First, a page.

This glossary is intended to be used as a tool for MEDICI catalogue users and members of the knowledge community. It provides the definitions of many common terms used in the catalogue. The glossary should be used as a resource to draw upon when using the catalogue or engaging with the knowledge community. Users are welcome to share the glossary with others as a tool to aid those working in digital inclusion. The definitions given here are specific to the words’ usage in relation to digital inclusion, social policy, and evaluation, so may differ from some definitions given elsewhere. For the sake of brevity, the glossary uses the word intervention to describe any project, programme, policy, scheme or set of activities aimed at addressing digital inclusion.
- Accessibility is how easily technologies can be used by different users with different needs. For example, whether people with particular disabilities can use particular technologies, or whether the relevant assistive technologies are available.
- Assistive technologies
- Assistive technologies are equipment, devices or software which adapt technologies for use by older or disabled people. Common examples include text-to-speech and word prediction software.
- When there is a causal link between an intervention and an outcome.
- A barrier is an obstacle preventing someone from achieving something. For example, lack of assistive technologies can be a barrier to disabled people accessing the internet.
- A beneficiary is someone who receives an advantage from something (e.g. a digital exclusion intervention).
- Coding is the creation of computer programming codes, whereby people communicate with and give instructions to computers.
- Connectivity is the access people have to the internet and necessary technology.
- This is the relationship between one event and another that can be demonstrated to be due to cause and effect. Evaluations may aim (where possible) to measure whether outcomes are caused by interventions rather than being due to other external causes.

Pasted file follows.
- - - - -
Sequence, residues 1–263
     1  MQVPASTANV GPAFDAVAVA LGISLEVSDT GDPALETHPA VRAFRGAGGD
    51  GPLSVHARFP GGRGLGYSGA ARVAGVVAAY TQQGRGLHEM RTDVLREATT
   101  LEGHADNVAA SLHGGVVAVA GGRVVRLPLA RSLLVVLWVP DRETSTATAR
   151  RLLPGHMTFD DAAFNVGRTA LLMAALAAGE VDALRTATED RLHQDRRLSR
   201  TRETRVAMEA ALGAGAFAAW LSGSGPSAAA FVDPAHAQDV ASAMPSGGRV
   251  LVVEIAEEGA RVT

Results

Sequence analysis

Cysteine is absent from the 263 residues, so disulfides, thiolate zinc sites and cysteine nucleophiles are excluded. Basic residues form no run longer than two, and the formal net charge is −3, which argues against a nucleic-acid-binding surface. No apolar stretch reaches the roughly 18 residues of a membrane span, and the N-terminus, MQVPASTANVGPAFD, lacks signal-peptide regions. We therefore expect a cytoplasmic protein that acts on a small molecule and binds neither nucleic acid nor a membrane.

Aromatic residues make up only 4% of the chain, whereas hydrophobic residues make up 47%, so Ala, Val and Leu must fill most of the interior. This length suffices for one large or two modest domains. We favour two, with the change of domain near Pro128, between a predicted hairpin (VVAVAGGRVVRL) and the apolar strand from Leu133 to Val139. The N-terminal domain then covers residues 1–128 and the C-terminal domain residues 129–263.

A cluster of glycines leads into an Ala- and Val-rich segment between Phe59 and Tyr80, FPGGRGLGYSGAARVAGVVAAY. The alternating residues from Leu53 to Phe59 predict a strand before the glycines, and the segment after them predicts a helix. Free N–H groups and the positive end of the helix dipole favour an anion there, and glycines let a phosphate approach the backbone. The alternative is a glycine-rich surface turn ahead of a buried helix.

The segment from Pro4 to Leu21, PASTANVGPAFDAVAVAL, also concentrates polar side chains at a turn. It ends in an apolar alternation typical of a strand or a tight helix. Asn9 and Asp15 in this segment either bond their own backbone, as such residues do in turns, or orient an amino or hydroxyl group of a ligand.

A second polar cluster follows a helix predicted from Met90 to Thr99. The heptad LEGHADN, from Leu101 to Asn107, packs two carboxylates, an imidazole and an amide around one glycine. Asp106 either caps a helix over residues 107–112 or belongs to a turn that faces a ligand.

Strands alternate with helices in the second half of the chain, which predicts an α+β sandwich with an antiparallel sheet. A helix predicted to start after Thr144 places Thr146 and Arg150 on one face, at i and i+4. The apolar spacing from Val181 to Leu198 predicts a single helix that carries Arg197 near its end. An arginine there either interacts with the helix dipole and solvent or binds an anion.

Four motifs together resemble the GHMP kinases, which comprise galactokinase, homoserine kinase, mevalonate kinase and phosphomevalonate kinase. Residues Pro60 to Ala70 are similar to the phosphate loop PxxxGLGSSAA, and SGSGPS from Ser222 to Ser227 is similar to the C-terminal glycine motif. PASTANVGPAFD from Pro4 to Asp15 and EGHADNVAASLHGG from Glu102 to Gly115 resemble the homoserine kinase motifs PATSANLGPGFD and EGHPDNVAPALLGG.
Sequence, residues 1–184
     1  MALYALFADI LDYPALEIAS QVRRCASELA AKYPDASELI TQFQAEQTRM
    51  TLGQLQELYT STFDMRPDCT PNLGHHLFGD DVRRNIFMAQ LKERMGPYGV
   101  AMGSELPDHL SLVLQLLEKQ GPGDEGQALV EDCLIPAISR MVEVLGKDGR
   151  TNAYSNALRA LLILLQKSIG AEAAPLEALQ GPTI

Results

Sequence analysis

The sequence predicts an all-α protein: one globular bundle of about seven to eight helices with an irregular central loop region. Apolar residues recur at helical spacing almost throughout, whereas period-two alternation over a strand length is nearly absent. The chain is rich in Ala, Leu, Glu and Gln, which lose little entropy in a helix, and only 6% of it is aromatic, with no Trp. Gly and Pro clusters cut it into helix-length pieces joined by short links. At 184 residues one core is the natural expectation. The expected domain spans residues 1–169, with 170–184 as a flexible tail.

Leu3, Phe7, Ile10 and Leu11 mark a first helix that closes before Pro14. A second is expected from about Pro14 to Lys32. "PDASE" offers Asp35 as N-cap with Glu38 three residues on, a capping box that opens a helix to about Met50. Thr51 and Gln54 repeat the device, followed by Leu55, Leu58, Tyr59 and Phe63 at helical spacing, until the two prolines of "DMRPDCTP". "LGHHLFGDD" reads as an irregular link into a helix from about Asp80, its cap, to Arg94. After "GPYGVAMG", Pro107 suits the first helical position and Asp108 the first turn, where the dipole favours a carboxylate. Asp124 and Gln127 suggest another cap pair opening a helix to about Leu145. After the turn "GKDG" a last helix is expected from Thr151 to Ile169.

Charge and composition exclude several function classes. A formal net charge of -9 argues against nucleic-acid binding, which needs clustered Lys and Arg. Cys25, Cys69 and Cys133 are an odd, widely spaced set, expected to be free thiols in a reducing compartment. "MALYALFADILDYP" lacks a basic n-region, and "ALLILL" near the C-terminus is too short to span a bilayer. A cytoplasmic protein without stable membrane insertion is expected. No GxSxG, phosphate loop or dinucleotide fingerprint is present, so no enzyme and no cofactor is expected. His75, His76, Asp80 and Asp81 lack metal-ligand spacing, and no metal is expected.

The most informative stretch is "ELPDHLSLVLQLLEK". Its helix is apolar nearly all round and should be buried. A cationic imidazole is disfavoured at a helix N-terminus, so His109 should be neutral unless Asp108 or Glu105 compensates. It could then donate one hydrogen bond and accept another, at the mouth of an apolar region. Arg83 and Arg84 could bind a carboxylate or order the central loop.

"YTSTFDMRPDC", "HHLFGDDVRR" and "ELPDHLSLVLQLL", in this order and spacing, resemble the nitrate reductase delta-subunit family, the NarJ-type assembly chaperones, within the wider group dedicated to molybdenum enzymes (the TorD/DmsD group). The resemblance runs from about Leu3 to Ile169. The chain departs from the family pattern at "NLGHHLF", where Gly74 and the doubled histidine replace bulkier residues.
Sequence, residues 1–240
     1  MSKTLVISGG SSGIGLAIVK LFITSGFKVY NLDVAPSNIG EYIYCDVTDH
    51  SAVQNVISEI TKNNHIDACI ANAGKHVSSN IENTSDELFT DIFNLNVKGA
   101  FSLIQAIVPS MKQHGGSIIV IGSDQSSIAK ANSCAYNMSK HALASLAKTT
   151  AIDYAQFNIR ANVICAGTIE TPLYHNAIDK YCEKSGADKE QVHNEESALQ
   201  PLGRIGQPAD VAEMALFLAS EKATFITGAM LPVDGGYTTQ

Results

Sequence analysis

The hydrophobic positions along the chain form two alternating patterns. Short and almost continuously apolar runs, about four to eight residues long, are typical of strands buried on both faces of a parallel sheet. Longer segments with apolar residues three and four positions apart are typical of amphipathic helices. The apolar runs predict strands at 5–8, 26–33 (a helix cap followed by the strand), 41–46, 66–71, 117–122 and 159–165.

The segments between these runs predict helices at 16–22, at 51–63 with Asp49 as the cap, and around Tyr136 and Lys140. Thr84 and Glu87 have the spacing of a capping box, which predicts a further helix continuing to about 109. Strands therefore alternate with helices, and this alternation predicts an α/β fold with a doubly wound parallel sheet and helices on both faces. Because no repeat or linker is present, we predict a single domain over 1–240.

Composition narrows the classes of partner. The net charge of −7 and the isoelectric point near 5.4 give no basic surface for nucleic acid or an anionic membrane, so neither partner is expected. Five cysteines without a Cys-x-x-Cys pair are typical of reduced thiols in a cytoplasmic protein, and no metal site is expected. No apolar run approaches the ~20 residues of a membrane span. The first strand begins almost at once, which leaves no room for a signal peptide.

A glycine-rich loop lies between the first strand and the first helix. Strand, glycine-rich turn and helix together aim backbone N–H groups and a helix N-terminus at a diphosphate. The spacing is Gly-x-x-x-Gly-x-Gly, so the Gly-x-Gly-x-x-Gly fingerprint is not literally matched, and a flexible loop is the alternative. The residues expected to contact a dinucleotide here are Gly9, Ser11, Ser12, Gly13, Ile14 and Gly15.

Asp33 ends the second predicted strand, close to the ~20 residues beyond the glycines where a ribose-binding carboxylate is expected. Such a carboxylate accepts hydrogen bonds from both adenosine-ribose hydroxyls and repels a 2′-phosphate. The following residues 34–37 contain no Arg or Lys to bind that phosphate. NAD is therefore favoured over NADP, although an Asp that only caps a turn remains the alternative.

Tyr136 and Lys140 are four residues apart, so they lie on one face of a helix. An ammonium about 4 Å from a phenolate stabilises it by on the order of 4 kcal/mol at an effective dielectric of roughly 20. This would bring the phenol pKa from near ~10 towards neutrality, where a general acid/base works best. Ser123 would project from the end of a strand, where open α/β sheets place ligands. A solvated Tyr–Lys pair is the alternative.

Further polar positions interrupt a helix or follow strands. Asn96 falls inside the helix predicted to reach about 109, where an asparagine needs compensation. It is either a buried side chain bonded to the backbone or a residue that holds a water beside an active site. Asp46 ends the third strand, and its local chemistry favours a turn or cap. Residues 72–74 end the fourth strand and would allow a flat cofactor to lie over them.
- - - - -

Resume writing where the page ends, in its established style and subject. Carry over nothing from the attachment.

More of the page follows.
- Comparison group
- A group chosen in evaluation studies to be similar to an experimental group (also called an intervention group) except for the variable being tested. For example, an evaluation of a digital inclusion intervention may want to create a comparison group of individuals who are similar to the people receiving the intervention as much as possible, except for receiving the intervention. Comparison groups are commonly used in quasi-experimental designs.
- Digital confidence
- Digital confidence is the belief an individual has that they will be safe and competent in using digital technologies.
- Digital divide
- The digital divide is the gap in digital inclusion and access between different demographic groups (most often used to refer to the divide between digital inclusion between older and younger people).
- Digital exclusion
- Digital exclusion is the broader set of disadvantages which accompany an inability or unwillingness to use digital technologies.
- Digital inclusion
- Digital inclusion is the ability of individuals and groups to access and use information and communication technologies. This includes having access to affordable technologies, motivation to use them, the requisite skills to use them and the trust that using digital technologies is safe and worthwhile.
- Digital motivation
- Digital motivation is the ability and willingness of an individual to understand how digital technologies could be relevant and bring advantages to them.
- Digital natives
- Digital natives are people who grew up with digital technologies, so are instinctively more able to understand and make use of digital technologies.
- Digital Skills
- Digital skills are the abilities required to use digital devices such as smart phones, computers and the internet.
- Digital technology
- A digital technology is a computerised, electronic device, tool, system or resource.
- An evaluation is the application of research methods to understand how an intervention has developed against its aims (process) and/or if it works or otherwise.
- Economic evaluation
- An evaluation focusing on the economic costs associated with an intervention. Economic evaluations often make use of cost-effectiveness analysis or cost-benefit analysis.
- The extent to which a specific intervention, when used in the circumstances it was designed for, does what it is intended to do.
- Ethics deals with moral principles and the protection of participants. An important feature of ethics in evaluation is that the participant should not be harmed by their involvement.
- Evidence base
- The research that is available to support and/or direct an approach to digital inclusion or any other
- External evaluation
- Evaluation carried out by organisations/people who are not involved in the project or programme in question. This can be considered to be more independent but can also be less successful in engaging participants in any resultant change.
- Experimental design